I stumbled over a rather simple result of OLS regression which is

$$ Var[\hat\beta] = \sigma^2(X^TX)^{-1} $$ where $\sigma$ is the variance of the error term $u$ and $X$ is the regressor matrix.

I first just accepted the proof in my textbook but now I am thinking that it either uses sloppy notation or I am missing something. $\hat\beta$ is the estimated and $\beta$ is the true parameter (assuming unbiasedness).

It states that

\begin{align} Var[\hat\beta] &= E[(\hat\beta - \beta)(\hat\beta-\beta)^T] \\ &= E[(X^TX)^{-1}X^Tuu^TX(X^TX)^{-1}] \\ &= (X^TX)^{-1}X^T E[uu^T] X(X^TX)^{-1} \end{align}

but $X$ was only assumed to be exogenous and not non-stochastic. Under this assumption I think $X$ cannot be dragged outside the expectation operator.

Momentarily, I think that it should be $Var[\hat\beta|X]$ to make sense. Is that the case? My web research couldn't clarify this. I only found similar derivations to the above without further explainations.

  • $\begingroup$ This looks like frequentist statistics and thus data or observations should be random, not the inputs or regressors, shouldn't they? The data are random because there is random error added. $\endgroup$ – gwr Nov 28 '15 at 11:40
  • $\begingroup$ A couple of pages before this derivation the book authors state that assuming $X$ as nonstochastic is "frequently not a reasonable assumption" . Therfore, this assumption was relaxed to exogeneity. $\endgroup$ – Alex Nov 28 '15 at 11:46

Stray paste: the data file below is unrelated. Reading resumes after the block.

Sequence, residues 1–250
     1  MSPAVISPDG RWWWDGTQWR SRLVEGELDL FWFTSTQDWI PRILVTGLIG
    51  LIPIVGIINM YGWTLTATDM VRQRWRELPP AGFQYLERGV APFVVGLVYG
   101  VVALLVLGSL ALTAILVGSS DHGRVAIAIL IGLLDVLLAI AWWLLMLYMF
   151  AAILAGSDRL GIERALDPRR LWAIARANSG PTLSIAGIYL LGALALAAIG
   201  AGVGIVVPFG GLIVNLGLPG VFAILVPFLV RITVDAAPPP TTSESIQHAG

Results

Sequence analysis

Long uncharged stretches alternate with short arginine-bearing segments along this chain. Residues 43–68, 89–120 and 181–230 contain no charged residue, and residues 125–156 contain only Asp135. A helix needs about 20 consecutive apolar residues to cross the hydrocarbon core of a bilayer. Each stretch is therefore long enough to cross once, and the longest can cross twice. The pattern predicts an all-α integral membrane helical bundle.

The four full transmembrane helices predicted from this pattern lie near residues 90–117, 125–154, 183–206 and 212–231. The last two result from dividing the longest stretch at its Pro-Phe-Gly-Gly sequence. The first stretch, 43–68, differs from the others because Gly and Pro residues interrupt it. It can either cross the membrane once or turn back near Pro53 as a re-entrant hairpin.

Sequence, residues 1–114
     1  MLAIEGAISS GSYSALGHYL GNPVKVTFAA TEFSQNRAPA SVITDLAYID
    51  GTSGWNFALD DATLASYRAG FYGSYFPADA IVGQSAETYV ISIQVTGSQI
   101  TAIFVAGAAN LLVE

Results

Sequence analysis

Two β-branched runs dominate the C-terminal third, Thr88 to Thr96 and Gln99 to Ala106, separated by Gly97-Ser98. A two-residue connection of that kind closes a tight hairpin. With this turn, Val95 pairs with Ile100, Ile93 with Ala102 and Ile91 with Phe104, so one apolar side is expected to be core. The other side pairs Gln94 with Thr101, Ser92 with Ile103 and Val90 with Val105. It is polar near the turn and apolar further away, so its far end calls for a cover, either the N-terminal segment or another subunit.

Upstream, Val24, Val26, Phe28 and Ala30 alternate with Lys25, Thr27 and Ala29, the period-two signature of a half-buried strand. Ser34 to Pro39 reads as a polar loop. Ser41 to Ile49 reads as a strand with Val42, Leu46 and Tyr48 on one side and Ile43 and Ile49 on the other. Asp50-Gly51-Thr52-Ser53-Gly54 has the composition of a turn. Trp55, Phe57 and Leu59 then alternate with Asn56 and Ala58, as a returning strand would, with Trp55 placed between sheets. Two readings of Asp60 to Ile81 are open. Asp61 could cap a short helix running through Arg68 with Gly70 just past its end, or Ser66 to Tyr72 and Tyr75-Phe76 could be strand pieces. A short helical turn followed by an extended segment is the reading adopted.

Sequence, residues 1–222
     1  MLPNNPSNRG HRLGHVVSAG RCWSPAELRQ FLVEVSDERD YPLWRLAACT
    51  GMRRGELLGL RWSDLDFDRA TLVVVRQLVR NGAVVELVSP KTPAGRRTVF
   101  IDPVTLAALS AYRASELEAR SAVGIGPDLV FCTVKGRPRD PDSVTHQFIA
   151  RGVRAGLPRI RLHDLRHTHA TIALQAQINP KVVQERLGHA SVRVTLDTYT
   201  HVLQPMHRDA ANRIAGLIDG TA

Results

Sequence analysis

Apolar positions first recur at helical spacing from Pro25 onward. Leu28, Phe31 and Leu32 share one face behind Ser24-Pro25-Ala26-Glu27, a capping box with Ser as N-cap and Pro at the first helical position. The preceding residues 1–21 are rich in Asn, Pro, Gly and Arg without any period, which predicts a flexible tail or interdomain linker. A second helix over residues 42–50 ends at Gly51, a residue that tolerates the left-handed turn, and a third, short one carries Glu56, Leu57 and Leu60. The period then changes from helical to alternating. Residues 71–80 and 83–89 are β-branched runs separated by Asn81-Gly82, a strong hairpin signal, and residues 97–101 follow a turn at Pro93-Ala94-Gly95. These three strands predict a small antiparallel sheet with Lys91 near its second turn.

• $\begingroup$ In section 6 of this tutorial it gives that the simplification only holds if $X$ is assumed non-stochastic. $\endgroup$ – gwr Nov 28 '15 at 12:03
  • $\begingroup$ This would support my assumption that if we assume only exogeneity the correct notation would have been $Var[\hat\beta|X]$ and not $Var[\hat\beta]$. But why is this fact skipped so often? Seems not correct to me. $\endgroup$ – Alex Nov 28 '15 at 13:42
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    $\begingroup$ It seems that under the assumptions usually made the usual estimate for the variance given that $X$ is fixed is also an unbiased estimate of the unconditional estimate when $X$ is random as is shown here. Maybe that helps. $\endgroup$ – gwr Nov 28 '15 at 15:14

You are right that the conditional variance is not generally the same as the unconditional one. By the variance decomposition lemma, which says that, for r.v.s $X$ and $Y$

$$ Var(X)=E[Var(X|Y)]+Var[E(X|Y)] $$ Translated to our problem, $$ Var(\widehat{\beta})=E[Var(\widehat{\beta}|X)]+Var[E(\widehat{\beta}|X)] $$ Now, using that OLS is conditionally unbiased (under suitable assumptions like exogeneity assumed here), we have $$ E(\widehat{\beta}|X)=\beta $$ and thus $$ Var[E(\widehat{\beta}|X)]=0,$$ as $\beta$ is a constant, so that $$ Var(\widehat{\beta})=E[Var(\widehat{\beta}|X)] $$ or $$Var(\widehat{\beta})=E[\sigma^2(X'X)^{-1}]=\sigma^2E[(X'X)^{-1}].$$

  • $\begingroup$ Oh, just realized that this is pretty much what the link of @gwr says... $\endgroup$ – Christoph Hanck Nov 28 '15 at 16:37
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    $\begingroup$ +1 I am only a biased Bayesian and thus have forgotten long ago about what unbiased estimators really are good for and thus had to use secondary material to answer anyways. As a pun: Your concise answer is better for the long run... :-) $\endgroup$ – gwr Nov 28 '15 at 16:50

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